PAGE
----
5 Ways to Use Employee Appreciation Day
How do you celebrate Employee Appreciation Day?
Employee Appreciation Day — which takes place in one week on Friday, March 3 — can be like Valentine’s Day for small businesses. Flowers and candies are nice, but the best gifts are the ones that make a powerful statement.
Consider how these companies use Employee Appreciation Day to express what employees mean to them and underscore key values and cultures of their company:
Baudville, a company that sells gifts and employee recognition awards, held a Winter Olympic Games. Employees formed teams that competed in six different events for the honor of receiving a gold, silver, or bronze medal (and prizes). It was the perfect way to forge camaraderie and stress the importance of working together in a coordinated way. If you want some ideas for putting together your own Olympics, Baudville provides a free Guide to the Office Games.
Encourage Healthy Habits
Logikcull, a software startup, gave its hard-working employees a Fitbit Charge, a health monitoring device. As CEO Andy Wilson told Inc. Magazine: “Startups are really friggin’ hard. They don’t succeed unless they have good people helping build the startup into a thriving company. A weekend here, a late night there. It adds up. And it can be stressful, resulting in poor health. Now, gadgets won’t solve your poor health, but they do help remind you to get up and move around.” The Fitbits also reminded employees that the company cared about their well-being.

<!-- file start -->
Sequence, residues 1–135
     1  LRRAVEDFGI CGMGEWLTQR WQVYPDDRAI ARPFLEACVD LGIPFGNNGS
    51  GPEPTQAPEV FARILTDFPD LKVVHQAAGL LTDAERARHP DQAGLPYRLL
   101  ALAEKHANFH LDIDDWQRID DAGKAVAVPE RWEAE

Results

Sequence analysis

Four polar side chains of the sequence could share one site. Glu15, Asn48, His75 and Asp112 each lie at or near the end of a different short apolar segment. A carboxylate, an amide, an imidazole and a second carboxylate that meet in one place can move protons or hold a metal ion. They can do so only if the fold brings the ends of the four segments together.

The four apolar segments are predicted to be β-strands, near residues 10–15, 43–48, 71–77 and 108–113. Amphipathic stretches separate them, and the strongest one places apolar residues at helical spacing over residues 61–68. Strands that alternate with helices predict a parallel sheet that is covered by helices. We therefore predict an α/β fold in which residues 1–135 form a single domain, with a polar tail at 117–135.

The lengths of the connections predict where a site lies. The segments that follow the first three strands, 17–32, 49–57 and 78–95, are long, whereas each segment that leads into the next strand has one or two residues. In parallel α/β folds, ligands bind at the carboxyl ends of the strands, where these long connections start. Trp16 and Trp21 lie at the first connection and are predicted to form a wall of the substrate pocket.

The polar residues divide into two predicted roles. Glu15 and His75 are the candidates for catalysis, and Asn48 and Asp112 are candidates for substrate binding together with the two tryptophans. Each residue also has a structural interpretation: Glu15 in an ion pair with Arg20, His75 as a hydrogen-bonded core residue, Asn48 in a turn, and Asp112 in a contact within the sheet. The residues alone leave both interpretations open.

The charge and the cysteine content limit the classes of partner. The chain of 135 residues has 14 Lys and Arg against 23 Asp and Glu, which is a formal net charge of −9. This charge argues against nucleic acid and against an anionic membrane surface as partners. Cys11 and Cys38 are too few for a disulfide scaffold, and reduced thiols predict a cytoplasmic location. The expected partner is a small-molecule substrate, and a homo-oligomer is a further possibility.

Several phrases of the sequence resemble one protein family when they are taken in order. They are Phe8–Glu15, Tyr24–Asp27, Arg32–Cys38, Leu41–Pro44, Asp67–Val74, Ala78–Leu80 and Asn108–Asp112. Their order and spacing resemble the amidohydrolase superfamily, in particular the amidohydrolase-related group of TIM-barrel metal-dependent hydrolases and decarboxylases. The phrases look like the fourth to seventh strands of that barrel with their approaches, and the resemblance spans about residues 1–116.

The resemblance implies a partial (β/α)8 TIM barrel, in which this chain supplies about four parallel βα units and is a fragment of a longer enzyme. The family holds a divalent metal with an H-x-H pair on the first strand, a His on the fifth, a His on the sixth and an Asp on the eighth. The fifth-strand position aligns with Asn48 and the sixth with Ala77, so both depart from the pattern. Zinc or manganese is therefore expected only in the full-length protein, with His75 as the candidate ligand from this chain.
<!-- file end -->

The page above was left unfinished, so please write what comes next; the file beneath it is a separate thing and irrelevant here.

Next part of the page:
Listen to What They Want
Wiredrive.com, another technology company, used Employee Appreciation Day to provide employees with standing desks. It is something a number of workers had been requesting. But companies don’t need to purchase expensive equipment to show that they listen to workers. Employee Recognition Day could also be the opportunity to implement flex hours or other programs to enhance work-life balance — things that can make a big impact without a huge price tag.
Do Good Together
The ability to make a meaningful contribution is important to many workers, and is especially prized by Millennial workers. Taking that note, companies in Milwaukee used Employee Appreciation Day as a chance to let employees take part in a one-mile walk that supported the American Cancer Society. Showing you care for employees by giving them time to show they care for others makes a powerful statement about your company’s culture and values.
Give Them Your Ear
Sure, it’s fun to rent out a venue and have a huge company party with all the bells and whistles. But if you’re on a tight budget, you can show your appreciation in a less costly, but more meaningful way.
Recognition Professionals International, a professional association, suggests you schedule a lunch date with employees, letting them pick the location, just to get to know them better. Ask about their hopes and dreams, rather than what they’re working on at the moment. You could also send them a hand written note that expresses your appreciation for the work they’ve done. Cite specific accomplishments to show that you are paying attention. If you want to really make an impact, frame the letter.
According to the Harvard Business Review, seven out of 10 employees who report they’ve received some form of appreciation from their supervisors say they’re happy with their jobs. Without that recognition, just 39% say they’re satisfied. Smart companies use Employee Appreciation Day to show what their employees mean to them. Using a large gesture or a small one can have a big impact and build a stronger company culture.